Plastic Surgeons Work to Maximize Patient Safety in the Operating Room
'Ample Opportunities' to Prevent Adverse Events, Says Review in Plastic and Reconstructive Surgery
Arlington Heights, Ill. – Plastic surgeons need to be aware of new approaches—and vigilant about following basic techniques—for preventing errors and protecting patient safety in the operating room, according to a special article in the November issue of Plastic and Reconstructive Surgery®, the official medical journal of the American Society of Plastic Surgeons (ASPS).
"As the importance of teamwork becomes more evident, clear communication skills preoperatively, intraoperatively and postoperatively become equally critical," write ASPS Member Surgeon Dr. Samuel O. Poore of University of Wisconsin and colleagues. In the first of two articles, they highlight some key preoperative steps for maximizing patient safety during plastic surgery procedures.
Crew Resource Management—Preventing Errors Through Communication
Studies have shown that communication breakdowns are a major contributor to medical errors. Crew Resource Management (CRM)—an approach borrowed from aviation—is emerging as a means of improving safety in health care as well. Dr. Poore and colleagues write, "Since being widely introduced into the airline industry, CRM has been shown to improve performance, safety, communication, morale and decrease accidents related to crew error." Initial experience suggests that CRM can also improve safety in medical settings—including the operating room.
With the increasing push for CRM in health care, plastic surgeons need to be familiar with the techniques involved. One practical approach introduced at several institutions is briefing/debriefing protocols. This involves discussing the surgical case or procedure before and afterwards—creating a "shared mental model" that sets the tone among the surgical team.
An important part of CRM is that it provides a safe setting for all members of the surgical team—regardless of rank—to express opinions and voice concerns. In one study of cardiovascular surgery, "Team members felt the briefing/debriefing process promoted professionalism and improved communication," according to the authors.
Back to Basics—Positioning and Infection Control
Poor communication is the root cause of a major type of preventable surgical error: wrong-site surgery. One recent study estimated that there are between 1,300 and 2,700 cases of "wrong site and wrong person surgery"—or near-miss events—each year in the United States.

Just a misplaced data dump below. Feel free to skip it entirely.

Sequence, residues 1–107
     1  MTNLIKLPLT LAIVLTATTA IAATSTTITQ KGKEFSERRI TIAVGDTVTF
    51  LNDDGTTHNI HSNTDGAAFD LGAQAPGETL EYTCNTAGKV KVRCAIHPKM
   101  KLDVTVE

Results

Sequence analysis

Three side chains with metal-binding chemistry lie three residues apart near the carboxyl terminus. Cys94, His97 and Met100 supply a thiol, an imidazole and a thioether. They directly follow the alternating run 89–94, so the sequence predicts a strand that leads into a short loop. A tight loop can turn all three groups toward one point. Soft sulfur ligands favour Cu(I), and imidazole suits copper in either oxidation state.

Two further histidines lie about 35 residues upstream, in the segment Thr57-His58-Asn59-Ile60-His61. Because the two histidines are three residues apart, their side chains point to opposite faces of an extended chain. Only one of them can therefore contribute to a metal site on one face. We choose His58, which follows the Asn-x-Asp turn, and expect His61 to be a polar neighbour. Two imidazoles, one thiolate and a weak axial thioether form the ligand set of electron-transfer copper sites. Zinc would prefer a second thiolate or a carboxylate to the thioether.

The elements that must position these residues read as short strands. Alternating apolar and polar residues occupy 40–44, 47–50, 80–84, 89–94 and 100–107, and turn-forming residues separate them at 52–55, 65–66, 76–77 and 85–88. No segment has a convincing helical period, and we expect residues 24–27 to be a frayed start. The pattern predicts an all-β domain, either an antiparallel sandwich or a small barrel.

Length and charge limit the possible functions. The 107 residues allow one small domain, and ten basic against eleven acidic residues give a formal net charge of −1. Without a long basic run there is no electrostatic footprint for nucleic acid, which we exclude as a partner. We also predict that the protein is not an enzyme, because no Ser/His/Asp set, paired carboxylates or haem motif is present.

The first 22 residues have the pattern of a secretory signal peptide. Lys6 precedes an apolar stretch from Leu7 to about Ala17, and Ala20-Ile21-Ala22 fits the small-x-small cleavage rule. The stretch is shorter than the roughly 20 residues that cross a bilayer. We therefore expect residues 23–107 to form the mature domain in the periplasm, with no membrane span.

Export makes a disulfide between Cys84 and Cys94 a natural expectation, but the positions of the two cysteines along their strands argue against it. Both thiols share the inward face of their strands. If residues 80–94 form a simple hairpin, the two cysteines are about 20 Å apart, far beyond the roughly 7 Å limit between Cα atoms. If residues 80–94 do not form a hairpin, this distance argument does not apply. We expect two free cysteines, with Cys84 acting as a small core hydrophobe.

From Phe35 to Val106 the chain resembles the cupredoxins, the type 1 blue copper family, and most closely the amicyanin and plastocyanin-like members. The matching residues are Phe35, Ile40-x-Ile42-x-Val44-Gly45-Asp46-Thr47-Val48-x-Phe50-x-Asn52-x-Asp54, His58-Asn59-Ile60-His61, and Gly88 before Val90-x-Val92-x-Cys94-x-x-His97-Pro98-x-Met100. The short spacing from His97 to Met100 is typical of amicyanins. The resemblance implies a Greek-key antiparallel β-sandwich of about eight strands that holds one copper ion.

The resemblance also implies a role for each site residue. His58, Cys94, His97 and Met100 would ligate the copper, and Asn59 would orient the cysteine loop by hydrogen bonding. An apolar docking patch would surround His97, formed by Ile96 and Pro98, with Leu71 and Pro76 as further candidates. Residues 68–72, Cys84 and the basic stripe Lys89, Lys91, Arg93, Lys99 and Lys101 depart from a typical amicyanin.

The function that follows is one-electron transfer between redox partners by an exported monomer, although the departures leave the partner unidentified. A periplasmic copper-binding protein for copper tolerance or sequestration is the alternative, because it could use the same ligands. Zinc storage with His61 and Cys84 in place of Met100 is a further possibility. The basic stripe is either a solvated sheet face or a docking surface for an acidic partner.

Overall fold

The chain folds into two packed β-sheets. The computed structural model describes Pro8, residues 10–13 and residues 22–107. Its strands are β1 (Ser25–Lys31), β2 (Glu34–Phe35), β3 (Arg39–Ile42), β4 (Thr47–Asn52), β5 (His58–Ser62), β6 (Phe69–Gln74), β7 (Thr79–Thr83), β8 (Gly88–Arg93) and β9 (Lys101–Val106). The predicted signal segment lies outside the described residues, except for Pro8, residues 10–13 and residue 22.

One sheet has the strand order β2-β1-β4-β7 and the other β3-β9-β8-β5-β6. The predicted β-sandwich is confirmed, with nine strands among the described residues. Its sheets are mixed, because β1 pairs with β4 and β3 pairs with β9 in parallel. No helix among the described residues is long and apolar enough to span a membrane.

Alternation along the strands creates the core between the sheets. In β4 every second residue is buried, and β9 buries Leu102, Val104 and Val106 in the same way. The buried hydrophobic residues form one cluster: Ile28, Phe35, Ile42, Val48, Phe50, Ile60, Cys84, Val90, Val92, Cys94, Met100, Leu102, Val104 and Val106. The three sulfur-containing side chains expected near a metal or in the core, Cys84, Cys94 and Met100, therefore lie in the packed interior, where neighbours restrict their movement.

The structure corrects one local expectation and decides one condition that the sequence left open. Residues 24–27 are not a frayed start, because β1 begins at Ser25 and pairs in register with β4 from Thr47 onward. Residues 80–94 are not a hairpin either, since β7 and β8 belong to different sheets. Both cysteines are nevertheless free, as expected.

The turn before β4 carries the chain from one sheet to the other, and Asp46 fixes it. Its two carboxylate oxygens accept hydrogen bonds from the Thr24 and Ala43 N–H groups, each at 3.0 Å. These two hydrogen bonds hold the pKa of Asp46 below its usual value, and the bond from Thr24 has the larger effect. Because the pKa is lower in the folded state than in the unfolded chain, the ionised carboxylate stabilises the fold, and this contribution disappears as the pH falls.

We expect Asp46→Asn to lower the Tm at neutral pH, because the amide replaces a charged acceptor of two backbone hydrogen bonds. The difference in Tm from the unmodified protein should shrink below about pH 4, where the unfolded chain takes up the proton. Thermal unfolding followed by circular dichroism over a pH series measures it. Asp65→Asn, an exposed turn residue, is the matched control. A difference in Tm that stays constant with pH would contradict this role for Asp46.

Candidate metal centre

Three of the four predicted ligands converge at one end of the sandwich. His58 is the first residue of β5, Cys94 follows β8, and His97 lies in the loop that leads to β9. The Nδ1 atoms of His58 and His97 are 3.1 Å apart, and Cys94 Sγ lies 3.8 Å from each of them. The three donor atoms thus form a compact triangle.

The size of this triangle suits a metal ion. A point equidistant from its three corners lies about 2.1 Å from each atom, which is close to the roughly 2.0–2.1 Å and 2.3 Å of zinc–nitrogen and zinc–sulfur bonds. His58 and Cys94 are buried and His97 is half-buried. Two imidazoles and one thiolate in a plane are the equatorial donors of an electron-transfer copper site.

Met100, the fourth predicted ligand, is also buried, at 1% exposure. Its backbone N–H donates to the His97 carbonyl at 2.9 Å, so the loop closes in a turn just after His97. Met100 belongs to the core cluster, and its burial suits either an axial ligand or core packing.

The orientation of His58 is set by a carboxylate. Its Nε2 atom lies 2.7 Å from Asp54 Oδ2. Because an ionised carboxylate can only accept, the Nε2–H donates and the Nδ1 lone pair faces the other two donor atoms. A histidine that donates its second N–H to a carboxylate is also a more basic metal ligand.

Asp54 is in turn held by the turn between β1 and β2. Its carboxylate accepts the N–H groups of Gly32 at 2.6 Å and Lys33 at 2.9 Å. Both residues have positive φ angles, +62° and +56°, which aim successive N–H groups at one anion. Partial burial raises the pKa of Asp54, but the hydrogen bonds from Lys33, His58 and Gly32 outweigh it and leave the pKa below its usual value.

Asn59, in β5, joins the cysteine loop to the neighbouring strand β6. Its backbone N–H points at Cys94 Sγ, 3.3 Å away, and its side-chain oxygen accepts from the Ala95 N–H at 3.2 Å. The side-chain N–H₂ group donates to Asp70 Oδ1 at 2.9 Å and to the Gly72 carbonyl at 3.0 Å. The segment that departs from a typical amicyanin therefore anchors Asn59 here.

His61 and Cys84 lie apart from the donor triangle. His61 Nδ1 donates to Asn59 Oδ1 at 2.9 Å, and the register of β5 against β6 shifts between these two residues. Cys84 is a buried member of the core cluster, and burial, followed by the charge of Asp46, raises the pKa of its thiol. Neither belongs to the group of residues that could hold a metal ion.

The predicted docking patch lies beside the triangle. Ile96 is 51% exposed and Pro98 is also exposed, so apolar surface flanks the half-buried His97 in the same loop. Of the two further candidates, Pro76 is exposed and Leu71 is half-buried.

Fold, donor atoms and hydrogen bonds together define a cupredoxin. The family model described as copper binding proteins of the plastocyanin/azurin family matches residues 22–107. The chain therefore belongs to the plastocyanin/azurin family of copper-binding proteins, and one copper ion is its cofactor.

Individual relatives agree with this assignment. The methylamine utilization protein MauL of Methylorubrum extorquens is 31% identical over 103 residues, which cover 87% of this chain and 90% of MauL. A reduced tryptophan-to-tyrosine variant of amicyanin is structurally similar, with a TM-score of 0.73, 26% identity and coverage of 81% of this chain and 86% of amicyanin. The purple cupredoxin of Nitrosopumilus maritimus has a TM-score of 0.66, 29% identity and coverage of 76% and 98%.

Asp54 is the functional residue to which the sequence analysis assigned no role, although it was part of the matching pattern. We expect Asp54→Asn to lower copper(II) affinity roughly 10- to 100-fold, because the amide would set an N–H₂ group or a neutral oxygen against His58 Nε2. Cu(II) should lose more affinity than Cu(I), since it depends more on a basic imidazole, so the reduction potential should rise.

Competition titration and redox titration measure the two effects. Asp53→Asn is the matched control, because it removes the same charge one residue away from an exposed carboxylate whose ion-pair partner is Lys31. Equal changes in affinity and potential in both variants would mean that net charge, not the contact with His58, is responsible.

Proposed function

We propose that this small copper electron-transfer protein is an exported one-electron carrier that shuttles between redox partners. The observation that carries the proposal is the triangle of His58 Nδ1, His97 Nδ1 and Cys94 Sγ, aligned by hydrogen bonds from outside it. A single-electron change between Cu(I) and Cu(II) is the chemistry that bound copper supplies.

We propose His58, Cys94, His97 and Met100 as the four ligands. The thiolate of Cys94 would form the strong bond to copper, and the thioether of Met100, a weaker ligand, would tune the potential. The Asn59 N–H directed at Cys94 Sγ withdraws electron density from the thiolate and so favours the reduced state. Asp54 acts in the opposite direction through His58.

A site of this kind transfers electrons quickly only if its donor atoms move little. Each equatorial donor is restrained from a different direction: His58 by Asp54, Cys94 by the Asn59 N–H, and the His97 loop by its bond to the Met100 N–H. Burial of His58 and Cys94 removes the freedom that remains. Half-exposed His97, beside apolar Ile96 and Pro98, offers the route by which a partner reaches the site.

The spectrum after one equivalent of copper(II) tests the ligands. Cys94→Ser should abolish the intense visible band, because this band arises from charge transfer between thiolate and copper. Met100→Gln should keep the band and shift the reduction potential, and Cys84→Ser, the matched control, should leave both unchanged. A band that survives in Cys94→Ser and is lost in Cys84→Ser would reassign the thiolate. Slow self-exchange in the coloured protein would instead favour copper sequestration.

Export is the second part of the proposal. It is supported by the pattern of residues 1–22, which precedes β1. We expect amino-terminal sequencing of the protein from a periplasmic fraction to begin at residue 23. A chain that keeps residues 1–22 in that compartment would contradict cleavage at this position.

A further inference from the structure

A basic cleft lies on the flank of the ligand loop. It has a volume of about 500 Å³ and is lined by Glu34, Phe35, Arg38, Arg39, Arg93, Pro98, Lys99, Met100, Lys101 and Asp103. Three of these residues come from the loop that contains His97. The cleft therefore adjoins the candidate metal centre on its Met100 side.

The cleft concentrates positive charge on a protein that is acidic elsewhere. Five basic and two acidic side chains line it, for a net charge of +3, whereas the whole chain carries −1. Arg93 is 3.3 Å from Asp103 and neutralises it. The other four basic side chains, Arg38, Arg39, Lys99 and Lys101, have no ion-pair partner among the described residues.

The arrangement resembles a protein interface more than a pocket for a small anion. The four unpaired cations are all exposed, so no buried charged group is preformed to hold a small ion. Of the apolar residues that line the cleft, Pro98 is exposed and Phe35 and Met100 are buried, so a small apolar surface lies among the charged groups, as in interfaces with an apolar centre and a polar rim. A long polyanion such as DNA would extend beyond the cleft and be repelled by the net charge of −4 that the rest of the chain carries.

Plastic surgeons need to be aware of the recently introduced "universal protocol" for preventing wrong-site surgery. The protocol specifies routines for verifying the correct site, person, and operation before every surgical procedure—including marking the incision site while the surgeon is present and the patient is awake.
Safety problems can also result from inadequate attention to basic preoperative tasks. Improper patient positioning can result in problems like nerve injuries and pressure sores. "This is especially true in plastic surgery, where unusual positioning may be required for adequate exposure," Dr. Poore and coauthors note. They discuss important factors to assess risk and prevent injuries when positioning the patient for surgery—including some risks associated with specific surgical positions.
The review addresses other essential steps in preparing for surgery, including preoperative scrubbing and preparation of the patient's skin. The authors review the evidence behind routine steps followed by surgeons and operating room personnel, including techniques and products for handwashing and the use of surgical gowns, gloves and masks.
Attention to such basic routines—all too easily overlooked in busy surgical settings—are critical to making plastic surgery as safe as possible. "This article should stimulate all plastic surgeons to be vigilant in assessing their practice to improve patient safety," Dr. Poore and coauthors write. In a companion article, they address safety issues to be aware of in the intraoperative (during surgery) and postoperative periods.
Plastic and Reconstructive Surgery® is published by Lippincott Williams & Wilkins, part of Wolters Kluwer Health.
About Plastic and Reconstructive Surgery
For more than 60 years, Plastic and Reconstructive Surgery® (http://journals.lww.com/plasreconsurg/) has been the one consistently excellent reference for every specialist who uses plastic surgery techniques or works in conjunction with a plastic surgeon. The official journal of the American Society of Plastic Surgeons, Plastic and Reconstructive Surgery® brings subscribers up-to-the-minute reports on the latest techniques and follow-up for all areas of plastic and reconstructive surgery, including breast reconstruction, experimental studies, maxillofacial reconstruction, hand and microsurgery, burn repair, and cosmetic surgery, as well as news on medico-legal issues.
The American Society of Plastic Surgeons (ASPS) is the world’s largest organization of board-certified plastic surgeons. Representing more than 7,000 Member Surgeons, the Society is recognized as a leading authority and information source on aesthetic and reconstructive plastic surgery. ASPS comprises more than 94 percent of all board-certified plastic surgeons in the United States. Founded in 1931, the Society represents physicians certified by The American Board of Plastic Surgery or The Royal College of Physicians and Surgeons of Canada. ASPS advances quality care to plastic surgery patients by encouraging high standards of training, ethics, physician practice and research in plastic surgery. You can learn more and visit the American Society of Plastic Surgeons at PlasticSurgery.org or Facebook.com/PlasticSurgeryASPS and Twitter.com/ASPS_news.